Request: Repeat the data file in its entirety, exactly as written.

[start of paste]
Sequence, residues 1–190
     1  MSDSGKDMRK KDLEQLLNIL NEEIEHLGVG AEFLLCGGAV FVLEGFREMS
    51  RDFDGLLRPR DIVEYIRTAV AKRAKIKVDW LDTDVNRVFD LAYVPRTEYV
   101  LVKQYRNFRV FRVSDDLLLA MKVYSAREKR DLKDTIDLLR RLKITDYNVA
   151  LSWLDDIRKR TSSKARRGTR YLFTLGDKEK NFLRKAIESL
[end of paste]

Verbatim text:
Sequence, residues 1–190
     1  MSDSGKDMRK KDLEQLLNIL NEEIEHLGVG AEFLLCGGAV FVLEGFREMS
    51  RDFDGLLRPR DIVEYIRTAV AKRAKIKVDW LDTDVNRVFD LAYVPRTEYV
   101  LVKQYRNFRV FRVSDDLLLA MKVYSAREKR DLKDTIDLLR RLKITDYNVA
   151  LSWLDDIRKR TSSKARRGTR YLFTLGDKEK NFLRKAIESL